Wednesday, June 25, 2008
Some folks at NYU have been doing some interesting work on how the brain responds to movies. They use a technique called inter-subject correlation analysis (ISC) in which regional responses were correlated across different subjects. Take some brain region, call it zleg. Monitor activity in the zleg of a half dozen different people as they watch, say, “The Good, the Bad, and the Ugly” and compare the time course of that activity across subjects. What you are interested in is how the level of zleg changes over time. Did Francine’s zleg go high (or low, or stay the same) at the same time as Fredo’s? as Molly’s? and Jason’s? and so on. The answer depends on what they are watching. In the case of GB&U, more or less yes. But if they’re watching a single 10-minute shot looking at New York City’s Washington Square Park, then the answer is no. The critical difference, of course, is that GB&U isn’t a single continuous shot; it’s a bunch of shots skillfully edited together to keep the viewer viewing.
There’s much more the the study than just that - or one thing, the didn’t monitor just zleg, but also yipyip, xaneb, whap, all the way through to corgon, binkets, and astrup. But that much will get you started. Here’s NYU’s press release, which is useful. Here’s a link straight to a PDF of the study (543 KB). Here’s a link to the web page of NYU’s Computational Neuroimaging Laboratory. I’ve put the full abstract below the fold.
I may make a more detailed post on this once I’ve had a chance to study and digest the work.
Hasson U, Landesman O, Knappmeyer B, Vallines I, Rubin N, Heeger DJ. Neurocinematics: The neuroscience of films. Projections: The Journal for Movies and Mind, 2:1-26, 2008.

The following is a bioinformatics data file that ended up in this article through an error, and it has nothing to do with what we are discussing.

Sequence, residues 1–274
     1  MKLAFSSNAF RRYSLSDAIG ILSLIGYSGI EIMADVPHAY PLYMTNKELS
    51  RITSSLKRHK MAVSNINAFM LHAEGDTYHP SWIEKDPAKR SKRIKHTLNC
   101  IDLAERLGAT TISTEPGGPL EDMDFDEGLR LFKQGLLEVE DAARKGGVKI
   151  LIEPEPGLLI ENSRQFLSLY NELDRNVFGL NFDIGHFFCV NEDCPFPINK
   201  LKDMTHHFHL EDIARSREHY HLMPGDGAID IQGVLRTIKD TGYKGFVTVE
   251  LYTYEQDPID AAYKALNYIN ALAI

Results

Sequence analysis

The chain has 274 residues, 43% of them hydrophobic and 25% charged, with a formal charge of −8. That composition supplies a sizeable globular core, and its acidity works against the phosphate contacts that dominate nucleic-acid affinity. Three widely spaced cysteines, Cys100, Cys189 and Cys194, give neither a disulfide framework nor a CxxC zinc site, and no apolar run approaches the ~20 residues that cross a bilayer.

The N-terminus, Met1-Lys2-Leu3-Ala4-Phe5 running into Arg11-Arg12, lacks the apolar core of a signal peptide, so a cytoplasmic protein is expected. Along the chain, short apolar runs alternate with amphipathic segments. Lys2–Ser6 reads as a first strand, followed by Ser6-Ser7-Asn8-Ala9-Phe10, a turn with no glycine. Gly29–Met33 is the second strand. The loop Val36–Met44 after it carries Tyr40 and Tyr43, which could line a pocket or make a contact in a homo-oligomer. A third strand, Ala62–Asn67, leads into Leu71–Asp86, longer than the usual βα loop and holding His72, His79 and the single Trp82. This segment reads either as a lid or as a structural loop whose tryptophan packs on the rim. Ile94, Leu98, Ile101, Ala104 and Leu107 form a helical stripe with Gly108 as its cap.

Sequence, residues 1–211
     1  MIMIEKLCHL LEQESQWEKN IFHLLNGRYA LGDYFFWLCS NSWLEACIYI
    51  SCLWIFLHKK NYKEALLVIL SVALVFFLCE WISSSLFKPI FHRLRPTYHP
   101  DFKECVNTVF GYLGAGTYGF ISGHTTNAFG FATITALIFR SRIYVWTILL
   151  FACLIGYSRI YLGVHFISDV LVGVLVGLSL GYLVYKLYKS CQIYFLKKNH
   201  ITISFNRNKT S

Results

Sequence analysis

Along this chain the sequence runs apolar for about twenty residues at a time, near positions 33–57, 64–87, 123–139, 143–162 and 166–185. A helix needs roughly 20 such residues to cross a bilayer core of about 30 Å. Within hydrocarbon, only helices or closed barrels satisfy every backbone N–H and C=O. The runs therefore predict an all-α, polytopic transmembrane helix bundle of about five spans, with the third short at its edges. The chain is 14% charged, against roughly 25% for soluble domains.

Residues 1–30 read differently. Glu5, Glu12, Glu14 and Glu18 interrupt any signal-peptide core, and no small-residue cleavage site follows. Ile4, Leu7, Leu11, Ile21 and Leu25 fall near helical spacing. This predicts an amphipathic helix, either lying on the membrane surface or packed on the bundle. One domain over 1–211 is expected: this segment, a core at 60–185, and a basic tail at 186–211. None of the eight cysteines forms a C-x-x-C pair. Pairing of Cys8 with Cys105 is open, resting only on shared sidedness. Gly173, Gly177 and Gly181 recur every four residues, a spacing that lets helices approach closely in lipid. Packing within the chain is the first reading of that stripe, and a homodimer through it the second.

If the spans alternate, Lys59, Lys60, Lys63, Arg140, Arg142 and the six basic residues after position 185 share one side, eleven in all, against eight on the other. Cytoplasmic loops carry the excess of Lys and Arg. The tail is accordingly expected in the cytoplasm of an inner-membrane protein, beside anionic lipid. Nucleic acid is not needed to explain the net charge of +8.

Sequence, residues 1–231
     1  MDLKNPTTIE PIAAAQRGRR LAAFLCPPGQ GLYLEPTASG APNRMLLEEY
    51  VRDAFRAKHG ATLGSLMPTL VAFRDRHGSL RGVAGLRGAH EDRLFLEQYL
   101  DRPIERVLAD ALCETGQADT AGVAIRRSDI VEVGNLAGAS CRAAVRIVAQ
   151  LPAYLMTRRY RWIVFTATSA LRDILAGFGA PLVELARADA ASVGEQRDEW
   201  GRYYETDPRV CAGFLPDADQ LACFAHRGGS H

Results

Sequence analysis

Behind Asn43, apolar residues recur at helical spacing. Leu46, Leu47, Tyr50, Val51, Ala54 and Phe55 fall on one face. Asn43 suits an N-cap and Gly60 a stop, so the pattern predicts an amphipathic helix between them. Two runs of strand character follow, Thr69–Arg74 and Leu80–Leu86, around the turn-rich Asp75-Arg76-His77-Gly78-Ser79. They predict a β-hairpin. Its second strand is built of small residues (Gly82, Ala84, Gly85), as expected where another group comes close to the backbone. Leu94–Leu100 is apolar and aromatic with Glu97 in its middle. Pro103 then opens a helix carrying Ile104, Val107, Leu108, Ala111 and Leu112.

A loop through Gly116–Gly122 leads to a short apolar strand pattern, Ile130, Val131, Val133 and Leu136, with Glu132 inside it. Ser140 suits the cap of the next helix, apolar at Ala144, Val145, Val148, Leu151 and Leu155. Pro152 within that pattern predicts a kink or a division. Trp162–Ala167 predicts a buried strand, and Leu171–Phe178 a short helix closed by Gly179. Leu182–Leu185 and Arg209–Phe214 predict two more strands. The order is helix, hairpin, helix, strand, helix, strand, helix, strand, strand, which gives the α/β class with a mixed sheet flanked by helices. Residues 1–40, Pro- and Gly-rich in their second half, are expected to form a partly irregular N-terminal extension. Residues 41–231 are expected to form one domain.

Abstract: While the recognition that films can impose a tight grip on viewers’ minds dates back to the early days of cinema, until recently there was no way to record the mental states of viewers while watching a film. In this paper, we describe a new method for assessing the effect of a given film on viewers’ brain activity. Brain activity was measured using functional magnetic resonance imaging (fMRI) during free viewing of films, and inter-subject correlation analysis (ISC, Figure 1) was used to assess similarities in the spatiotemporal responses across viewers’ brains during movie watching. Our results demonstrate that some films can exert considerable control over brain activity (Figure 2) and eye movements (Figure 3). However, this was not the case for all types of motion picture sequences (Figure 4), and the level of control over viewers’ brain activity differed as a function of movie content (Figure 5), editing (Figure 6), anddirecting style (Figure 7). We propose that ISC may be useful to film studies by providing a quantitative neuroscientific assessment (Figures 8 and 9) of the impact of different styles of filmmaking upon viewers’ brains, and a valuable method for the film industry to better assess its products. Finally, we suggest that this method brings together two separate, largely unrelated disciplines, cognitive neuroscience and film studies, and may open the way for a new interdisciplinary field of “neurocinematic” studies.